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PurposeThe purpose of the study is to understand what clinicians believe defines fluid bolus therapy (FBT) and the expected response to such intervention.MethodsWe asked intensive care specialists in 30 countries to participate in an electronic questionnaire of their practice, definition, and expectations of FBT.ResultsWe obtained 3138 responses. Despite much variation, more than 80% of respondents felt that more than 250 mL of either colloid or crystalloid fluid given over less than 30 minutes defined FBT, with crystalloids most acceptable. The most acceptable crystalloid and colloid for use as FBT were 0.9% saline and 4% albumin solution, respectively. Most respondents believed that one or more of the following physiological changes indicates a response to FBT: a mean arterial pressure increase greater than 10 mm Hg, a heart rate decrease greater than 10 beats per minute, an increase in urinary output by more than 10 mL/h, an increase in central venous oxygen saturation greater than 4%, or a lactate decrease greater than 1 mmol/L.ConclusionsDespite wide variability between individuals and countries, clear majority views emerged to describe practice, define FBT, and identify a response to it. Further investigation is now required to describe actual FBT practice and to identify the magnitude and duration of the physiological response to FBT and its relationship to patient-centered outcomes.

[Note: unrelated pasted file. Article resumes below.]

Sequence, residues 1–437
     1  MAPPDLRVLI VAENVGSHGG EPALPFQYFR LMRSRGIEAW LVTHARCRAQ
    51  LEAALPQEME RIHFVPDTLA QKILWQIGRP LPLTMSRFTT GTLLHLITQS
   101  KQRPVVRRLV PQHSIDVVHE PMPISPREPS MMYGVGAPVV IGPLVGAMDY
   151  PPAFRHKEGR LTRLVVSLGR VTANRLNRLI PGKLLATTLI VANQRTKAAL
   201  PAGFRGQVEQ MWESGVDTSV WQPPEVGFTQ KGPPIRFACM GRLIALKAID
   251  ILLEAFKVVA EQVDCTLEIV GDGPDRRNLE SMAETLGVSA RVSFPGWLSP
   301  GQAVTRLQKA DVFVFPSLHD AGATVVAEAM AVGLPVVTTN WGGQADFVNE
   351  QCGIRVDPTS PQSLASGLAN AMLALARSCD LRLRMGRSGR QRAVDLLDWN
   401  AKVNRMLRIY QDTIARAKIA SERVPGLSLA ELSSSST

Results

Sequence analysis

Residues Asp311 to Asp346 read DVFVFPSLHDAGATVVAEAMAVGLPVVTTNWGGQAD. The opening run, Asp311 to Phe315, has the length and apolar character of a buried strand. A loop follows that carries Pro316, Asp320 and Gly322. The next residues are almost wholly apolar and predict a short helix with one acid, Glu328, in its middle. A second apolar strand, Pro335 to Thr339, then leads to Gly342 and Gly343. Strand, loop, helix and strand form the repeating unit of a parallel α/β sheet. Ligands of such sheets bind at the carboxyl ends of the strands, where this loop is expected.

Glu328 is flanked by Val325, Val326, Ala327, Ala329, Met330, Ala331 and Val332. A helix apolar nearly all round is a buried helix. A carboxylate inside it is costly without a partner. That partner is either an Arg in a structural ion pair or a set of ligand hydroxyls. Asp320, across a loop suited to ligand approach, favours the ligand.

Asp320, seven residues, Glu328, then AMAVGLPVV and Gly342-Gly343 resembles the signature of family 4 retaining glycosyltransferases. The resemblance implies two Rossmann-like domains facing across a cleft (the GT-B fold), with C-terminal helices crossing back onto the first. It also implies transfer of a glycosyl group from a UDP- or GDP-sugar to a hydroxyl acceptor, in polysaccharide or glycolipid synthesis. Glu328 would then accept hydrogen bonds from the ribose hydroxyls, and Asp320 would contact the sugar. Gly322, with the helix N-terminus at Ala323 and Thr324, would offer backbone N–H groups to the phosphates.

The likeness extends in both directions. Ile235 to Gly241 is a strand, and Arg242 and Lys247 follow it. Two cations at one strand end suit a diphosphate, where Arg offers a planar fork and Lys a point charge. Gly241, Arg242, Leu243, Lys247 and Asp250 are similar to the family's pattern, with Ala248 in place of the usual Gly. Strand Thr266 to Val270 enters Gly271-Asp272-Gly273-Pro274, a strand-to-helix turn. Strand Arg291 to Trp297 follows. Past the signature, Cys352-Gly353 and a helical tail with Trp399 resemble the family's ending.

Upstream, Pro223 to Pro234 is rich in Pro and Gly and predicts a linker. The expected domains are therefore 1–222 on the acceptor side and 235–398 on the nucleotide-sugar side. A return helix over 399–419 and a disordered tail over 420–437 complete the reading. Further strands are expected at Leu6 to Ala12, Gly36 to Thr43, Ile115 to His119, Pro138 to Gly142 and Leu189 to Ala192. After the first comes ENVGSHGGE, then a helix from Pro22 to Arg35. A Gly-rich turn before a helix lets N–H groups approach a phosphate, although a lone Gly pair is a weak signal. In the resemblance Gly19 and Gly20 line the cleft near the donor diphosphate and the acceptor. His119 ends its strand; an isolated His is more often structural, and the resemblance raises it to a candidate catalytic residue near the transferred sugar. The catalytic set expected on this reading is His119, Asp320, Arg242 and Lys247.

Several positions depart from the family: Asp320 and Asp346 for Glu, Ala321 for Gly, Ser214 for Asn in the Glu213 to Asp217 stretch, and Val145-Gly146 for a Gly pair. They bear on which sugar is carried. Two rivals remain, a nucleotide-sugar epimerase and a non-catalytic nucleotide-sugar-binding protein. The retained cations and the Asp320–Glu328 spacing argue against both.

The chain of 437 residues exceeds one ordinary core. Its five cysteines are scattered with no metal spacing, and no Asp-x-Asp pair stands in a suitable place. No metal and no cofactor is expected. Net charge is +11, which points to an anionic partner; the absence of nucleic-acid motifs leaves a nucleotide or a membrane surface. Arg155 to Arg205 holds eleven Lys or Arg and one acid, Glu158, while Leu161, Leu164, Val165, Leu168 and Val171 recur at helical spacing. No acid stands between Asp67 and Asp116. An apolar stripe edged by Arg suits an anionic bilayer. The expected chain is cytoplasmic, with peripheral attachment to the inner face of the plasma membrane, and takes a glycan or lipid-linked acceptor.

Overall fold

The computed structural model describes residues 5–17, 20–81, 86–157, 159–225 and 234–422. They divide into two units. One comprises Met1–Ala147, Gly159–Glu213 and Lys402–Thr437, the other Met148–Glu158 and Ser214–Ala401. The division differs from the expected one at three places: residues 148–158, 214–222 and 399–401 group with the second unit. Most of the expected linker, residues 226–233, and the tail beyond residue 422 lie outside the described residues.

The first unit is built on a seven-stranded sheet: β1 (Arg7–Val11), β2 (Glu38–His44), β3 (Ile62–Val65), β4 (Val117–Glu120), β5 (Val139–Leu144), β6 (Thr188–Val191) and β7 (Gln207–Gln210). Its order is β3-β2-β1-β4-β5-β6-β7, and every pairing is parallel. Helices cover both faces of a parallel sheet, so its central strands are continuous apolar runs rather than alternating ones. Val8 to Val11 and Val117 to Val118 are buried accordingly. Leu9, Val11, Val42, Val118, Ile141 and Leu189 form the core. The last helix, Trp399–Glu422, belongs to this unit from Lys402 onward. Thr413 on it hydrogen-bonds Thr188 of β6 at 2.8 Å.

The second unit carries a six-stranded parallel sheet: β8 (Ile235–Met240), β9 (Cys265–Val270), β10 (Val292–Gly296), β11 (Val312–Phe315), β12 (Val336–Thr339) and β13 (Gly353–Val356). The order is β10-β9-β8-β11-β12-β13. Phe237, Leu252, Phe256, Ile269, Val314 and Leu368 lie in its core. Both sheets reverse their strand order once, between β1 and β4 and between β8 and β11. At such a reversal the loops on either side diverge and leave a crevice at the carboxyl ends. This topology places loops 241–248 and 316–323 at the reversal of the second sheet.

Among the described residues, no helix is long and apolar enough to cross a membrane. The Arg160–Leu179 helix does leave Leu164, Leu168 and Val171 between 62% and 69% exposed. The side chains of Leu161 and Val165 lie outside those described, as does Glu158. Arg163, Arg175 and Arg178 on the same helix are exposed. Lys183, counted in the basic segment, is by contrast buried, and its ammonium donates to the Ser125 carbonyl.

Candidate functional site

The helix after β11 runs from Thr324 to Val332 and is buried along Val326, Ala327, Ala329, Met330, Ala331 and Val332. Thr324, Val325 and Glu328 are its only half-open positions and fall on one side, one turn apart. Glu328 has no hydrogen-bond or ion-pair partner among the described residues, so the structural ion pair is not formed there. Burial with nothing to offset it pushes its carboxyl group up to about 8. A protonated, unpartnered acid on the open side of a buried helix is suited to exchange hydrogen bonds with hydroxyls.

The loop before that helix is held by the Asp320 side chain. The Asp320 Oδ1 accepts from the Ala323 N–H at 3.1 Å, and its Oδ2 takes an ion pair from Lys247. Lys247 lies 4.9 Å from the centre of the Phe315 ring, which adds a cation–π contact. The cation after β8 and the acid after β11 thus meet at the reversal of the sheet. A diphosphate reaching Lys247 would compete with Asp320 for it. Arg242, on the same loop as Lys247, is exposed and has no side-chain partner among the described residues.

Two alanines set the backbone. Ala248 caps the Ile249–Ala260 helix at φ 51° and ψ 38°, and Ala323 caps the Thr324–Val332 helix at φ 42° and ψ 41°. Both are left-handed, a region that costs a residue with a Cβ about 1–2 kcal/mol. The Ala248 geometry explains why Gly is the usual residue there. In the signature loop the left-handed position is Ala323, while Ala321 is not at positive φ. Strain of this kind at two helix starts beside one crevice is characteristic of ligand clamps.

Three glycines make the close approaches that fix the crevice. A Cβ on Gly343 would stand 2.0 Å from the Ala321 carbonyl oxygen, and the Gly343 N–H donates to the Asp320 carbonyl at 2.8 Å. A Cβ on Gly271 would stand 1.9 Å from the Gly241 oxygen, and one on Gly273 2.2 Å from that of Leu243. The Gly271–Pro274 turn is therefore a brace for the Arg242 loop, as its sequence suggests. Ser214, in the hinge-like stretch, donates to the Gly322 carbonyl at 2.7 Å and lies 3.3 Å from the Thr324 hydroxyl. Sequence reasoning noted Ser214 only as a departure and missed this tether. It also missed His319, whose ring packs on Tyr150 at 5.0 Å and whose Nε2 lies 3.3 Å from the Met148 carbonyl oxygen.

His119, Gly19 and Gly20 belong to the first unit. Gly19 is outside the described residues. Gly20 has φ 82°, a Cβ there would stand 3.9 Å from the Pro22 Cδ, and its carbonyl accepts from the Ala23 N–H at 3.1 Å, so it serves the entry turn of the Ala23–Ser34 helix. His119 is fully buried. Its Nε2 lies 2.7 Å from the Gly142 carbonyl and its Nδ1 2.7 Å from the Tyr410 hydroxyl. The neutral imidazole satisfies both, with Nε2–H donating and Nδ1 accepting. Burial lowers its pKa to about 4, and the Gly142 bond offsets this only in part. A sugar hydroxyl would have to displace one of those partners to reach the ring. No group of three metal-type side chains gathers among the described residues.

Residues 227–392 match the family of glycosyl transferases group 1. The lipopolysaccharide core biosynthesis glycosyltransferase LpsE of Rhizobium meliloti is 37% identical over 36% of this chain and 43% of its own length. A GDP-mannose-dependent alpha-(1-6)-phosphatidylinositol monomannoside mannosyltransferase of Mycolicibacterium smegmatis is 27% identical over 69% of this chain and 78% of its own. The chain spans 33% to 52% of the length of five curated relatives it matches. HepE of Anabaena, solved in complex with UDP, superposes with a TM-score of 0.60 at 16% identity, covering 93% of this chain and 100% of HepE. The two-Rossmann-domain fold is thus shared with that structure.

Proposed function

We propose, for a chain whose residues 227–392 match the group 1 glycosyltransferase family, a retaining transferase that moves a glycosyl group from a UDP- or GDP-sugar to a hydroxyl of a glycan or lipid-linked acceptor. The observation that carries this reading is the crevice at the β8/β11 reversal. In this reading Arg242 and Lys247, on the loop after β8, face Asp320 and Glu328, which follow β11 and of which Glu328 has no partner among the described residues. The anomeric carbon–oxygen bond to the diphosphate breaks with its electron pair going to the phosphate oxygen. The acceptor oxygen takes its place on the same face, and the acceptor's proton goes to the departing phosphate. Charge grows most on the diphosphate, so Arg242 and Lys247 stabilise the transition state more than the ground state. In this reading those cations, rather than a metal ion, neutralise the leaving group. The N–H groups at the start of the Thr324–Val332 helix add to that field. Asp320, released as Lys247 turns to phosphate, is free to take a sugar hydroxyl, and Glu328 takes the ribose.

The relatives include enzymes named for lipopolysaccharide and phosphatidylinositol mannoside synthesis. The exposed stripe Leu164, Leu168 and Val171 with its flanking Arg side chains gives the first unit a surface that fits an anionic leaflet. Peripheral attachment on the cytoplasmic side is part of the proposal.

Original publication

DOI

10.1016/j.jcrc.2016.05.017

Type

Journal

Journal of critical care

Publication Date

10/2016

Volume

35

Pages

126 - 132

Addresses

Department of Intensive Care, Austin Hospital, Melbourne, VIC 3084, Australia; Australian and New Zealand Intensive Care Research Centre, School of Public Health and Preventive Medicine, Monash University, Prahran, VIC 3004, Australia. Electronic address: neil.glassford@austin.org.au.

Keywords

GLobal OBservational Evaluations in the ICU (GLOBE-ICU) investigators, Humans, Critical Illness, Isotonic Solutions, Fluid Therapy, Critical Care, Internet, Intensive Care Units, Global Health, Surveys and Questionnaires, Practice Patterns, Physicians', Crystalloid Solutions